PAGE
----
“It may be that events look a little different this year but we are working proactively with our venues and suppliers to deliver a socially distanced but great experience.”
Participants will set off on the course either alone or in small socially distanced groups.
Hand sanitiser will also be provided at all events with participants encouraged to use it before and after the event.
Jenny added: “Although the word race features in the name, our events are not competitive.
“Instead, Race for Life is about our doctors, nurses and scientists working as hard and fast as possible to help more people survive.
“We’ll ask participants to respect social distancing before, during and after the event.
“It means that this year people should refrain from hugging others at the finish line.
“But we promise our events will remain fun, colourful, emotional and uplifting.
“Participants, all united in a common cause to beat cancer, take part at their own pace. For some people, the Race for Life is literally a walk in the park. Slow and steady still wins.
“For others, it’s a jog or a run. But what is for certain is we’re looking forward to welcoming people across Sussex back.”
Of course, with the uncertainty that has been part of our everyday lives for just under a year, event organisers at Cancer Research are mindful that there is a possibility this year’s Race for Life events may also have to be cancelled.
Jenny added: “We hope that none of our Race for Life events are cancelled in 2021 and will do everything we can to keep people safe.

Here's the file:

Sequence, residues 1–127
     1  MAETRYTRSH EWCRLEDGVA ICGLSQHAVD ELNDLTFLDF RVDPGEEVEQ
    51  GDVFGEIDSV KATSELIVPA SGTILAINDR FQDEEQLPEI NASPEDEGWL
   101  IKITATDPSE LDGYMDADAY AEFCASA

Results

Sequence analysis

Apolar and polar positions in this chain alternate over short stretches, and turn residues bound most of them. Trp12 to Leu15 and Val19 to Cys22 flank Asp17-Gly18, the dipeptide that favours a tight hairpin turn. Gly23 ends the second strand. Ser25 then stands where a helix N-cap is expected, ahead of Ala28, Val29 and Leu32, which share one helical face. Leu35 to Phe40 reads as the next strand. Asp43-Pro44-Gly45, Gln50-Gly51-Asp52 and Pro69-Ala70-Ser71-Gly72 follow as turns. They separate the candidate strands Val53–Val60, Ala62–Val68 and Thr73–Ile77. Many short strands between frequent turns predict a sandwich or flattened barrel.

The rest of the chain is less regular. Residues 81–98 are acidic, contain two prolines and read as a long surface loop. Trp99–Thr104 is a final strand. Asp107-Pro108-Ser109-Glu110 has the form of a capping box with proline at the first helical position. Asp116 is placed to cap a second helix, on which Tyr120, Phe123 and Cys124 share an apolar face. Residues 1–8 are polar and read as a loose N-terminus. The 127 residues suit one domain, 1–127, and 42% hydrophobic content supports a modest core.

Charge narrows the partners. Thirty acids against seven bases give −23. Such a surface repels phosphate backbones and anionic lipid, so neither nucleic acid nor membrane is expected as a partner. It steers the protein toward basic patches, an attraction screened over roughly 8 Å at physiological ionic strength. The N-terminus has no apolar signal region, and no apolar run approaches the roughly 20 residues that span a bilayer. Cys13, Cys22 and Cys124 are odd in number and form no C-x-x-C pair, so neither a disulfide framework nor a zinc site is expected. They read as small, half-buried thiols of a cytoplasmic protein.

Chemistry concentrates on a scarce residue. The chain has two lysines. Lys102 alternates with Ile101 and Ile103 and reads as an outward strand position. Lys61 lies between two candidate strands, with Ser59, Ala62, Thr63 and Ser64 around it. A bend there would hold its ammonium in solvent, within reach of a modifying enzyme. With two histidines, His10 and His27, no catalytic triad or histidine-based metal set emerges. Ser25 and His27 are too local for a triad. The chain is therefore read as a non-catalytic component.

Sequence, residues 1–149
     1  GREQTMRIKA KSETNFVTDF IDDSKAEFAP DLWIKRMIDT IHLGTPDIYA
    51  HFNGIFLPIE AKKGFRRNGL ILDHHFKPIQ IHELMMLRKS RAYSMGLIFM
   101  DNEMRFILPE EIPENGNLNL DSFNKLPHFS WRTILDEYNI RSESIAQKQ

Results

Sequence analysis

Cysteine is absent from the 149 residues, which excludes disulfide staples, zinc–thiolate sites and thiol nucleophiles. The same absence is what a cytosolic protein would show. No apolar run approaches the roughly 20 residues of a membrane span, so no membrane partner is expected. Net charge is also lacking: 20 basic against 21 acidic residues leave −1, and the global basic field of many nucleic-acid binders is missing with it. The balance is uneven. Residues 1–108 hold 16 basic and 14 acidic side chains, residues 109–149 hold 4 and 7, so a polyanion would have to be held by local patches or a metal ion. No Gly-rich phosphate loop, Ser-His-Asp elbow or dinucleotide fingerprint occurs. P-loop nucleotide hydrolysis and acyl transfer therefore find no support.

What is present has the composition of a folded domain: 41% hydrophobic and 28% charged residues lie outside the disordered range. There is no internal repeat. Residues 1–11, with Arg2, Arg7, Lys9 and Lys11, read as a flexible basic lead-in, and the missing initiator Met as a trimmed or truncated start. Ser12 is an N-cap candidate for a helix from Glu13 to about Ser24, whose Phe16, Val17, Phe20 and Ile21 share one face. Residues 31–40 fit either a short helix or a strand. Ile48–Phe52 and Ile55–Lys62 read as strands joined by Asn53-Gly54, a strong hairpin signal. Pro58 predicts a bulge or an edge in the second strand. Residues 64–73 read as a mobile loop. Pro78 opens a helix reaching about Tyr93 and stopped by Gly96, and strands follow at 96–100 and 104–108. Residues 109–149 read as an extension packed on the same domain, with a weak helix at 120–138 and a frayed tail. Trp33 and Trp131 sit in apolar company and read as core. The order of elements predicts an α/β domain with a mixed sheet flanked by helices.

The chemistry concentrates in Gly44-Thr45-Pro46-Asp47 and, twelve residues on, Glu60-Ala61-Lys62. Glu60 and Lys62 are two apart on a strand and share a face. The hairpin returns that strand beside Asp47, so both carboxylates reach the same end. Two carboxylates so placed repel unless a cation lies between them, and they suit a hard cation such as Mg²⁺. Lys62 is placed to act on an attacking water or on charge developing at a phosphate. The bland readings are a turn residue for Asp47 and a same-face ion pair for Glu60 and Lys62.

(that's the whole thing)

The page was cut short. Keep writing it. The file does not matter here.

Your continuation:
“If we do have to cancel any of our events we will let participants know as soon as possible and they will be entitled to a refund.”
Cancer Research UK’s Race for Life, in partnership with Tesco, is an inspiring series of 3km, 5km, 10km, Pretty Muddy and Pretty Muddy Kids events which raise millions of pounds every year to help beat cancer by funding crucial research.
This year is the 20th anniversary of Tesco’s partnership with Race for Life.
Money raised through Race for Life events funds world-class research to help beat 200 types of cancer – including bowel cancer, breast cancer, prostate cancer, lung cancer, testicular cancer, brain cancer, children’s cancers and leukaemia.
Jenny explained Race for Life wasn’t just about raising money for the charity.
She said: “The Race for Life is a powerful, inspirational movement which unites participants in Sussex with people across the South East and the whole of the UK.
“People get together and remember loved ones lost, or celebrate the lives of those who have survived. At the same time, they are helping to make a difference to people with the disease, right now.
“Please go to the Race for Life website, choose an event, and sign up today.”
To enter race for Life or find out more about the events in your area visit www.raceforlife.org
There are six events to choose from in Sussex and all take place in June and July.
The first is in Horsham on June 6, then Hastings on June 13, Eastbourne on June 20, Worthing on June 20, Crawley on June 26 and Brighton has events on both July 3 and 4.
Sign up online.